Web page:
The Zohar, the foundational text of kabbalah, is a celebration of creativity—it shows how the Torah endlessly unfolds in meaning. Jacob ben-Sheshet Gerondi, a 13th century kabbalist, said it’s a mitzvah for every wise person to innovate in Torah according to his capacity. That’s refreshing because you often hear the traditional notion, to accept what’s been handed down or to learn from the master because you’re not able to create on your own. But ben-Sheshet says (after conveying one of his innovations), “If I hadn’t invented it in my mind I would say that this was transmitted to Moses at Mt. Sinai.” He’s aware that his interpretation is new, but he thinks it harmonizes with the ultimate source of tradition—the creative work itself is somehow deeply connected to an ancient mainstream. An essential component of all creativity is tapping into something deeper than your normal state of mind.
The basic approach of the rabbis is to apply midrash to reading the Torah—the rabbis are willing to be very bold in their interpretation. It’s natural for a Jew to be bold and innovative—that’s the secret to keeping the tradition alive. The Zohar reads the very opening words of the Torah radically. Instead of “In the beginning God created,” it’s “In the beginning the Infinite created God.” It sounds bizarre to say that God is the object of creation, but I think the meaning is that what we think of as God doesn’t do justice to the true nature of God, which they call ein sof, “without end.” Going beyond traditional midrash, the Zohar employs radical creativity to make us question our current assumptions about life, about the nature of the human being, about God and spirituality. It moves through the Torah verse by verse asking probing, challenging questions. As the Zohar says, “God is known and grasped to the degree that one opens the gates of imagination,” so it’s up to our imaginative faculty to understand reality, or the reality of God.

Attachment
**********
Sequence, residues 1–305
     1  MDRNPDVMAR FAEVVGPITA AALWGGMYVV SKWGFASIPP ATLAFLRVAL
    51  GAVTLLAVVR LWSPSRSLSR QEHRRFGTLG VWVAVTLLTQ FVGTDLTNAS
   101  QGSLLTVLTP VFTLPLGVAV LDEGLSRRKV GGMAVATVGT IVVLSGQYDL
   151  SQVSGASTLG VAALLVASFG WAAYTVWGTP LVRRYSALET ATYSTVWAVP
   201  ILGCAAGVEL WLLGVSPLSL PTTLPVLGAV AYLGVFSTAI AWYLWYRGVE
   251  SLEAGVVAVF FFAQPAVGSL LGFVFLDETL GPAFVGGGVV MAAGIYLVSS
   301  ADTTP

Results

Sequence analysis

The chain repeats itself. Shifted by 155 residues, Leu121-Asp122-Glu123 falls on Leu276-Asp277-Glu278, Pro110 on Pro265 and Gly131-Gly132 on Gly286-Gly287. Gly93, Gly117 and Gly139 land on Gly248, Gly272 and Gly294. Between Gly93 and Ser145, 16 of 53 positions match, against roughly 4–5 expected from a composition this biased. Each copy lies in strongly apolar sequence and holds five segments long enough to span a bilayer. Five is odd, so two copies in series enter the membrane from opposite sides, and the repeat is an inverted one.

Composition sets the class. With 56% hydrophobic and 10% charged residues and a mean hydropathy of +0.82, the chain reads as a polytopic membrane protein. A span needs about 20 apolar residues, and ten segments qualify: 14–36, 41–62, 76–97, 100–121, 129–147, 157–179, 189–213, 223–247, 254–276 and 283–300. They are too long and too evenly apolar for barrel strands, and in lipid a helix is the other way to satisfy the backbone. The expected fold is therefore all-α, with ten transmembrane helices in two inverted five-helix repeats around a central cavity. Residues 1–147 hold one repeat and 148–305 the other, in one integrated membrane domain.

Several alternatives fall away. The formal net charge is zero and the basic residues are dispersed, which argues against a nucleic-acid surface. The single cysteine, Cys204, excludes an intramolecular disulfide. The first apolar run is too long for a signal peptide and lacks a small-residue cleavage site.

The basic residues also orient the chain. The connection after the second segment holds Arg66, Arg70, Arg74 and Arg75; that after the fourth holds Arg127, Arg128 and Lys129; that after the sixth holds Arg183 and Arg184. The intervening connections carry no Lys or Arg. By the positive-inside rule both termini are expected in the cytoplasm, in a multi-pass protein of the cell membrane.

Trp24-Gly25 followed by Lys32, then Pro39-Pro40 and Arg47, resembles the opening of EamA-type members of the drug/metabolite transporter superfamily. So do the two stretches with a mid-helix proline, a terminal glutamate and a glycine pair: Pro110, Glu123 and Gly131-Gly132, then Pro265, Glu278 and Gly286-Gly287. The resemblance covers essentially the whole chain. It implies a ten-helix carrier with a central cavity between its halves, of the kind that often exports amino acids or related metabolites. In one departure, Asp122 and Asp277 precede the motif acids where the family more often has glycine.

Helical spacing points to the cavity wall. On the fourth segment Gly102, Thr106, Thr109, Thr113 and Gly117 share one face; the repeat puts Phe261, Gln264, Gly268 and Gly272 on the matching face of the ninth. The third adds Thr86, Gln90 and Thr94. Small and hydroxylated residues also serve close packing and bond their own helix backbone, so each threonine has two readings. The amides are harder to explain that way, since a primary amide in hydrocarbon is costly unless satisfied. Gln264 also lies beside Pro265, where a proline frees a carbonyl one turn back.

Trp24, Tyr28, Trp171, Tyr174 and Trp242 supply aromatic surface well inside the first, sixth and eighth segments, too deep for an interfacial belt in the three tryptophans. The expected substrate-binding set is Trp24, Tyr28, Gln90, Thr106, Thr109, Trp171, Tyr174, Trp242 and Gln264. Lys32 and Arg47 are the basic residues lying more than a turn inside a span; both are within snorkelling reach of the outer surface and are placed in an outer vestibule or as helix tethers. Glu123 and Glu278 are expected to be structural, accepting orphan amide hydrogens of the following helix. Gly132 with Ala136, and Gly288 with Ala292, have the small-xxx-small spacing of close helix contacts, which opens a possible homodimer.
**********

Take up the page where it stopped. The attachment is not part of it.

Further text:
Daniel Matt served for 20 years as a professor of Jewish spirituality at the Graduate Theological Union in Berkeley. He is currently composing a multi-volume annotated translation of the Zohar, entitled The Zohar: Pritzker Edition.
The Babylonian Talmud is the most extraordinary creation of the Jewish people—it speaks a kind of manic energy and records that extraordinary energy and vitality from the areas where it was produced in the Babylonian Diaspora. Jews were imbued with creative energy through the intense study of this one peculiar vibrant work through the centuries. Sholom Aleichem, for example, records how the world of talmudic learning was diffused from the yeshiva throughout Jewish communities across class and gender. While the making of the Talmud was a creative act, so was the Jewish openness to many cultures: The cross-fertilization between ancient Jewish tradition and the outside world led to the taking in of new ideas and energy. Since the 19th century, much of Jewish creativity has stemmed from being in two cultures at the same time. Being in a position to observe a culture that you are also a part of is very conducive to creativity.
Daniel Boyarin, Hermann P. and Sophia Taubman Professor of Talmudic Culture at the University of California Berkeley, has written extensively on the Talmud and gender studies.
Read the Rest Here
> A Jewish mystic said that when the Torah came into the world, it was split in two parts—one part was given on Sinai and the other part is nature.
That’s a mighty slippery attribution on Schroeder’s part.